Then comes much-heralded Tulsi Gabbard. I admit having once been smitten by her seeming earnestness in opposing U.S. wars — until that is, she slavishly voted in favor of the anti-BDS resolution (HR 246), whereupon I took a deeper dive into her record. The scales soon fell from my eyes, though not unaccompanied by a few rueful tears. Tulsi, I discovered to my horror, is most likely a hawk in dove’s clothing. This is not to suggest that she is dishonest — a bit disingenuous, maybe, but not dishonest — no, far from it! She flatly says what she believes. And what exactly does she say?
Well, first of all, she says she is an ardent supporter of Israel. Anyone with any doubt about this should watch her stomach-churning speech at the Christians United for Israel conference in 2015. Were she nominated, Trump might find himself with a serious competitor for his deep-pocketed Zionist patrons!
Gabbard has been described by some credible commentators, like Kevin Barrett, as an “Islamophobe.” Given her religious background, this would not be surprising, no more than is her affinity for her fellow Hindu, the proto-fascist Prime Minister Narendra Modi of India.
When Gabbard says she is a “hawk in the war on terror” she should be taken at her word — she’s a true believer. She is as clueless that 9/11 was a false-flag operation to launch that murderous juggernaut as she is that the various permutations of Islamic terrorist groups like ISIS and Al Qaeda are just so many creatures of the Deep State to perpetuate that murderous rampage and pave the way for their (Zionist/neocon-induced) imperialist agenda.
When she says she’s “on a mission,” we would do well to take Major Gabbard literally. That she considers the regime-change wars a hindrance to her mission again demonstrates either abject stupidity on her part or, to be more charitable, extreme political naivete. The War on Terror is nothing but a pretext for Zionist-directed regime-change wars, for the successive (and largely successful) reduction of Israel’s regional competitors into failed states. This is by no means a diversion; rather, it clarifies the ulterior motive.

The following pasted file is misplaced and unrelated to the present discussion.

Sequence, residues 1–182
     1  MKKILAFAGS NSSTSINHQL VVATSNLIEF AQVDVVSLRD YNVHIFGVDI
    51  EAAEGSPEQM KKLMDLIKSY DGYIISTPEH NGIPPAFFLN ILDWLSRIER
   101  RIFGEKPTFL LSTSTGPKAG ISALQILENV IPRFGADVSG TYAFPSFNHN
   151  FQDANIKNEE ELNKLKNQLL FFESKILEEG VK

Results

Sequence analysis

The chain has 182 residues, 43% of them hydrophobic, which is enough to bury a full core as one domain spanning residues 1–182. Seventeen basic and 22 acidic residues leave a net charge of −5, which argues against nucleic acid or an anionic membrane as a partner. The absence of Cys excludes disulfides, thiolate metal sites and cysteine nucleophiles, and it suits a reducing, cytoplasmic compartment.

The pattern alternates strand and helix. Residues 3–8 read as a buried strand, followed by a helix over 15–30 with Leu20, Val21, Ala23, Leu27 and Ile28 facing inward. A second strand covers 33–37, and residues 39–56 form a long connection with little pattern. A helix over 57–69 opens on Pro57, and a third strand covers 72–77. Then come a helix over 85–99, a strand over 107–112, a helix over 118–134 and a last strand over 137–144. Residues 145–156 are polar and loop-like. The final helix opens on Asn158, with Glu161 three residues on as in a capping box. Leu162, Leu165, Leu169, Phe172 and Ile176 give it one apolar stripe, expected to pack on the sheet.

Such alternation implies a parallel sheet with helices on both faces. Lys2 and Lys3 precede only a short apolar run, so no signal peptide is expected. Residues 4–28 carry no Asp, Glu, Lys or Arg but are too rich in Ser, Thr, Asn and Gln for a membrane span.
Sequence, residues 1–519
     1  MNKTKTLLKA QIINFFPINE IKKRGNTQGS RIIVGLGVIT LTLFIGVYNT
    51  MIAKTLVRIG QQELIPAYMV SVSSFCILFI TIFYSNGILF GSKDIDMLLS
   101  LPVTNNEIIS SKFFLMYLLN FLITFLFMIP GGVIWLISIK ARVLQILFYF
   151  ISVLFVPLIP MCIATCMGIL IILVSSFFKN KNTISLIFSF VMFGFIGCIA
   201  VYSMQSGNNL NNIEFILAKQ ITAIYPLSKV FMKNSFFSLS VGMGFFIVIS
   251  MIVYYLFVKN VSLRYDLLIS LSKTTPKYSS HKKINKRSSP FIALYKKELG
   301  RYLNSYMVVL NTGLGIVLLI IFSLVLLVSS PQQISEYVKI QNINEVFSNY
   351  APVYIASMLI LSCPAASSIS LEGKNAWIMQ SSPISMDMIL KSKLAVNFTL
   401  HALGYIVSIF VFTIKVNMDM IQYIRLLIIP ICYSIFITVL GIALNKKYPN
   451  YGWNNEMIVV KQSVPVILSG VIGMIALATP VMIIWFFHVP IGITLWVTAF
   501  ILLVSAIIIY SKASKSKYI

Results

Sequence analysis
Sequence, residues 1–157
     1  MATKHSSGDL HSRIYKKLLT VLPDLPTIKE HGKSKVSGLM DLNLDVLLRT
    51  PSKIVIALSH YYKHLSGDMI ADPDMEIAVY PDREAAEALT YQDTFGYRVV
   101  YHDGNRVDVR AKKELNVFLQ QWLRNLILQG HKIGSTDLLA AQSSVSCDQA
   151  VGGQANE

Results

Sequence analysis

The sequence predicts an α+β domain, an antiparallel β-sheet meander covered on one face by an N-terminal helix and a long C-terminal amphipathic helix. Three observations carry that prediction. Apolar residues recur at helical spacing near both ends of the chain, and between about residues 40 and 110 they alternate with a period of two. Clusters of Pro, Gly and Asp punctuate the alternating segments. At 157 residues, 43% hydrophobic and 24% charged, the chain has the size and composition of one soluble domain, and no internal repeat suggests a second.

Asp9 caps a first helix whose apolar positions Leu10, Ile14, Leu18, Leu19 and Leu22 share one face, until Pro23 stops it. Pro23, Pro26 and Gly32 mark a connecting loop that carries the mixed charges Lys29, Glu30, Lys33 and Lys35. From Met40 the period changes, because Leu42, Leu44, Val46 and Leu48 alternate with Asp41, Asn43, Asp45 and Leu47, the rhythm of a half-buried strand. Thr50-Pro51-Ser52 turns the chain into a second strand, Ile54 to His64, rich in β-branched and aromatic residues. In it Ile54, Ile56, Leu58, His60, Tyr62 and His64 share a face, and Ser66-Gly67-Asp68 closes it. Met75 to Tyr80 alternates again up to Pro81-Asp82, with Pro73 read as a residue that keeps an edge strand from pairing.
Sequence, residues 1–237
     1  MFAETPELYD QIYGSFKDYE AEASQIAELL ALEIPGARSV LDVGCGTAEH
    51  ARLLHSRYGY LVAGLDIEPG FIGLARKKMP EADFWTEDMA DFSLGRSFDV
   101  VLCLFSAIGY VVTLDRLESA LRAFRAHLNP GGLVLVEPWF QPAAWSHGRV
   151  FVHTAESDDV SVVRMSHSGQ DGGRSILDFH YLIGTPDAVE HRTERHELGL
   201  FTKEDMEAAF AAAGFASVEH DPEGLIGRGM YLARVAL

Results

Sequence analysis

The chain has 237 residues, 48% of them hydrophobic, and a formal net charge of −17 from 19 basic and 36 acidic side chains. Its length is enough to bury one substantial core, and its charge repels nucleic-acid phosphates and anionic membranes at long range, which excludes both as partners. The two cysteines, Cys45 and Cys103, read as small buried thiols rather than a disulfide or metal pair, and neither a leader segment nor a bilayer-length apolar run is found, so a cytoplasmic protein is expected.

And this is not to suggest that Major Gabbard doesn’t really believe her own false narrative. Only by fully appreciating her laser focus on militarily defeating ISIS and “Islamo-terrorism” (which she continues to hold responsible for 9/11) can her more progressive stances on the other two foreign policy issues we are here examining be understood. She is consistent in opposing regime-change efforts in Venezuela, and seems committed to respecting Venezuelan self-determination — no Al Qaeda in Caracas! Uniquely among the “progressive” Democratic candidates, she wastes no ammunition on demonizing Russia. This, too, is consistent with her mission: Russia is clearly a valuable potential ally in the war against “Islamo-terrorism,” which it is her stated mission to fully vanquish.
It is a serious error to view Gabbard as an anti-interventionist or anti-militarist in principle — she is neither. That she opposes regime-change wars as inimical to her military objective is true enough, but for all intents and purposes, this puts her in the position of the deluded denizens of Plato’s allegorical cave, who see only the shadows cast on its walls, and never look behind to see the manipulators who create the spectacle. Because she is blind to the elephant in the room, and indeed has demonstrated characteristic sycophancy towards Zionist Israel, she cannot represent a truly progressive alternative, even in her stock-in-trade foreign policy arena. Nor, by the way, is her mission compatible with the DNC-controlled Democratic Party’s agenda — she can, therefore, expect only continued marginalization and resistance from that quarter.